Information, ideas, tips…the articles for professional advisers which I spotted this week that generate fresh thinking or a deeper understanding of issues are provided here as a quick readers digest for professionals who are looking ahead.
These are the highlights from the week that you should stop and read, as they are the best I’ve seen.
There is so much good information for professional services made available each week, much of which I share, that it is very easy to forget to pause and reflect.
Each week I select the best handful and give them Tony’s BIG Ticks as being the ones that made me pause and reflect, or think further. They are sometimes thought-provoking, perhaps insightful, maybe a great sales or marketing idea or sometimes just incredibly topical.
In this article John hits on probably the biggest mistake that most advisory firms make…under-investing in marketing…
“…In study after study, I see average marketing expenses for advisors at 1% to 2% of gross revenue, so I know these folks are not investing in growth – they’re waiting for the phone to ring…”
To continue the theme, this article looks at the results for advisers who invest more than their peers in marketing…
Some great common sense suggestions here on how to create a mindset AND a culture of excellence that can lead you towards becoming the best….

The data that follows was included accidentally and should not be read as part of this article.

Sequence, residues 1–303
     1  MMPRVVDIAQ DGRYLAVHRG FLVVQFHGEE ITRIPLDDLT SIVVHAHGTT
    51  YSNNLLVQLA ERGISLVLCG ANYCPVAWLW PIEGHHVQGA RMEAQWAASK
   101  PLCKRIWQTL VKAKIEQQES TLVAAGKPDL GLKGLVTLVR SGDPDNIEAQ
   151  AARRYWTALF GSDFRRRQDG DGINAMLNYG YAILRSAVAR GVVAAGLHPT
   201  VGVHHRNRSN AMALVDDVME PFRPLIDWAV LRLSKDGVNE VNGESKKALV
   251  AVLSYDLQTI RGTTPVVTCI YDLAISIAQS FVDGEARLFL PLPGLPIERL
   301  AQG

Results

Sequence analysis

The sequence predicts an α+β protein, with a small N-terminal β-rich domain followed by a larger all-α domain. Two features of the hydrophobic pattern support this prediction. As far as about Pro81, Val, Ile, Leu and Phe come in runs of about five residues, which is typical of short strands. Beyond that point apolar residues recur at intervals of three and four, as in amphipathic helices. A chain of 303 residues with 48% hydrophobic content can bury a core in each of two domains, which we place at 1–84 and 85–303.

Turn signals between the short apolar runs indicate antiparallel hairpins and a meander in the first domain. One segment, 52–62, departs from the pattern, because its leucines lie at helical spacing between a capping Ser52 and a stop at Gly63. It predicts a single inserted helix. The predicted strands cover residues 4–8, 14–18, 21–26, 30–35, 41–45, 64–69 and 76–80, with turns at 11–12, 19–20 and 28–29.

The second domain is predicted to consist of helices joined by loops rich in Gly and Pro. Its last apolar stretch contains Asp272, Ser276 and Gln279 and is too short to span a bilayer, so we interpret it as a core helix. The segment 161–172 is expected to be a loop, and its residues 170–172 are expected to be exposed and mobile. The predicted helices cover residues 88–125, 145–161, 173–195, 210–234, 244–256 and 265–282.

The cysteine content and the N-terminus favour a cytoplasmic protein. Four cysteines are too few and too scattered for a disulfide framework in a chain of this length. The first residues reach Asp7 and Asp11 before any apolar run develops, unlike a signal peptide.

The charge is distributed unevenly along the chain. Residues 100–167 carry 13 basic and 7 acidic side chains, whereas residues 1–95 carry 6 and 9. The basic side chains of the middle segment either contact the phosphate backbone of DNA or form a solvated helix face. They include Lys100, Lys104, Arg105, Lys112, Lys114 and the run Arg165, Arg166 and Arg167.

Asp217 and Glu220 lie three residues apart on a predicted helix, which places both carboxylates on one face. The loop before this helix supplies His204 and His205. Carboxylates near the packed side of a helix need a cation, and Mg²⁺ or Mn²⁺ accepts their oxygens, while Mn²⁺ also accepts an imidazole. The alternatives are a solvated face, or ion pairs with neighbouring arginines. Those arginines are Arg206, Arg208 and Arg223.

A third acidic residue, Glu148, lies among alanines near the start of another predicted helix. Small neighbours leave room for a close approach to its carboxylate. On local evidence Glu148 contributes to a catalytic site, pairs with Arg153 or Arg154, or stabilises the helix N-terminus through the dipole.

“The clients of a financial advisory practice are arguably its most valuable asset; a failure to protect client data may not only have legal ramifications, it’s also a question of ethics. Failing to provide a safe physical and online environment for sensitive financial information could expose clients to fraud, identify theft and financial loss. Another valuable asset easily lost and hard to regain is your good name. This article examines the importance of protecting one of your most valuable assets – your clients’ data…”
“…checking all the right boxes doesn’t mean your firm and clients are reasonably protected against catastrophic data breaches and other cyber-crime….”
The point is well made that there is a substantive difference between being compliant and actually being secure…